Participants in the current study were not recruited on the basis of specified circulating lipid concentrations, but the mean concentration of lipid parameters reflect the ‘healthy’10 nature of the cohort (Table 1). However, two participants (1M[thin space (1/6-em)]:[thin space (1/6-em)]1F) demonstrated fasting TC values above the healthy range at the start of the study, with ten (7M[thin space (1/6-em)]:[thin space (1/6-em)]3F) having LDL values above 2.6 mmol l−1, although all were below a concentration which would require therapeutic intervention, in the UK, in otherwise healthy individuals.17 The response of serum LDL to the intervention was different in men and women (P < 0.05), with LDL falling significantly over the 12 weeks in the male participants (P < 0.01), but remaining unchanged in the females (Fig. 2a). In females, there was no change in LDL during the pre-intervention period, whereas in males this variable increased at T0 when compared with BL. In men, serum LDL was significantly lower at the end of the intervention compared to T0 (P < 0.01). However, serum LDL concentration was not significantly lower at T12 when compared to values observed at BL. In males, there was a significant correlation between the concentration of serum LDL at the start of the intervention (T0) and the change in this variable at the end of the intervention (R = 0.771, P < 0.001), with those starting with higher serum LDL demonstrating greater reduction over the 12 weeks intervention. Furthermore, the concentration of serum LDL at BL remained significantly associated (R = 0.735, P < 0.001) with a change in this variable at the end of the intervention (T12), with no such correlation observed in females irrespective of whether LDL concentration at T0 or BL was used as the comparator to T12.
image file: c9fo00758j-f2.tif
Fig. 2 Mean serum LDL (A) and HDL cholesterol (B) across the pre-intervention and intervention period in women (image file: c9fo00758j-u8.tif) and men (image file: c9fo00758j-u9.tif). *P < 0.05 compared with BL, ††P < 0.01 compared with start of intervention (T0). Error bars indicate the standard error of the mean.

In males, LDL concentration was significantly, albeit weakly, correlated with dietary total fat intake (R = 0.251; P < 0.05) and negatively correlated with AOAC fibre intake (R = −0.274; P < 0.05), with a trend for a positive correlation with dietary cholesterol consumption (R = 0.231; P = 0.067). There was no co-linearity detected between total fat and AOAC fibre intake, and a combined regression model accounted for 32% of the variance in serum LDL concentration in men (P < 0.001). In women, a significant association between LDL and reported dietary fat and cholesterol intake was not observed, although a correlation between this variable and AOAC fibre intake, of a similar magnitude to that seen in men, was noted (R = −0.249; P < 0.05).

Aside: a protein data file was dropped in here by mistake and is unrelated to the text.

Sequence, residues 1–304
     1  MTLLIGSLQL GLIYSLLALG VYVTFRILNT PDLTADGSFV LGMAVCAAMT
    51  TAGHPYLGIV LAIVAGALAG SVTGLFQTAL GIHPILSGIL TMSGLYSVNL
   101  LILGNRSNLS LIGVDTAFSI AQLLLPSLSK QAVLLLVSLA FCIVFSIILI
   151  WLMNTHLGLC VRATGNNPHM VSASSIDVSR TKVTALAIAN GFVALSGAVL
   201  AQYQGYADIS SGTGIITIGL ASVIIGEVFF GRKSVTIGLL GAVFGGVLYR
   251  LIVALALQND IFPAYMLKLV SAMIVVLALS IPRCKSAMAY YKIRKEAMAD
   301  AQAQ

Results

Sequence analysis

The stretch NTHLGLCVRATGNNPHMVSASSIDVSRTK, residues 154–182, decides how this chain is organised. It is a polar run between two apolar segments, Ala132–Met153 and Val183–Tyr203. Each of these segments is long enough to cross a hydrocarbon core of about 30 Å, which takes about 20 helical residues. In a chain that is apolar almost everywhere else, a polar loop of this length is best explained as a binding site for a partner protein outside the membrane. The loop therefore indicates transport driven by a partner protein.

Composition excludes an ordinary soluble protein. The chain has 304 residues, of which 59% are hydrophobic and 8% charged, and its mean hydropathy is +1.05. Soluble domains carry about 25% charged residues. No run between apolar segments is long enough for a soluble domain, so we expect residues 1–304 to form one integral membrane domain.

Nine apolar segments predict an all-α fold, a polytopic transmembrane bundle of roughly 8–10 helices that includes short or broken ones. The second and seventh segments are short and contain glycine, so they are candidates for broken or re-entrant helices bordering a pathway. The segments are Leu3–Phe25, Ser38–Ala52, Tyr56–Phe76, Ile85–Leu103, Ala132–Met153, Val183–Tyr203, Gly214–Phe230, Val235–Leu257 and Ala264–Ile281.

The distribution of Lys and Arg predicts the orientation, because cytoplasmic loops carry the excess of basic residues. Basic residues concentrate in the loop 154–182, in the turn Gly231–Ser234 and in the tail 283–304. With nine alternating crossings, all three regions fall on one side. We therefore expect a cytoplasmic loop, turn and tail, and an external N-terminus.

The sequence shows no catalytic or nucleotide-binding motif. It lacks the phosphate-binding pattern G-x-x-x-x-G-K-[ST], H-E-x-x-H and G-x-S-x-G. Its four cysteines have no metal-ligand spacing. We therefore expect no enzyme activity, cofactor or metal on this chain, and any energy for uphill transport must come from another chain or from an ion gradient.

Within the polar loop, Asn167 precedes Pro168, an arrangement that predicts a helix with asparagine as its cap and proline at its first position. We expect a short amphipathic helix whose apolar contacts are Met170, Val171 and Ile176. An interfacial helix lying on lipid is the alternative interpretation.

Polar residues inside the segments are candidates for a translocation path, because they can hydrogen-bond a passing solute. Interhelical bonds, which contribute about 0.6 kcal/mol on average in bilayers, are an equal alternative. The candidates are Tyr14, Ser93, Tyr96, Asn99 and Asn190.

Fasting serum HDL concentration did not change between BL and T0 in either sex (Fig. 2b). Similarly, no changes in HDL were noted over the intervention period in the female participants. However, there was a significant reduction in HDL concentration over the intervention in men (P < 0.05) with this variable being lower at T12 when compared with T0 (P < 0.01), but also significantly lower when compared to values measured at BL (P < 0.05). It is worth noting that total cholesterol[thin space (1/6-em)]:[thin space (1/6-em)]HDL ratio did not change over the intervention in males (ratio at BL 3.49 vs. 3.52 at T12).

Serum total cholesterol (TC) data largely reflect the changes observed in LDL and HDL, with the response of TC to the intervention being different in men and women (P < 0.05), and serum TC falling significantly over the 12 weeks in the male participants (effect size ηp2 0.270; P < 0.01), but remaining unchanged in females. Similarly, in females there was no change in mean TC from BL to T0 (−0.03 (0.65) mmol l−1), whereas in males this variable increased over this time frame (0.34 (0.55) mmol l−1; P < 0.05). In men, serum TC was significantly lower at T12 than at T0 (−0.52 (0.58) mmol l−1; P < 0.005), but not significantly lower when compared to BL values (−0.18 (0.50) mmol l−1). As with LDL, the concentration of serum TC at T0 and BL were both significantly correlated with the change in this variable at T12 (R = 0.804, P < 0.001 and R = 0.722, P < 0.005, respectively), with the greatest reduction being observed in those with higher total cholesterol concentrations at T0 or BL.

However, there was no such association in the women, irrespective of whether values at BL or T0 were used (R = 0.145, P = 0.530 and R = 0.087, P = 0.710 respectively).

Circulating concentration of TAG was not different between sexes at BL and did not change over the pre-intervention or intervention period in the whole cohort or within sex.

Insulin resistance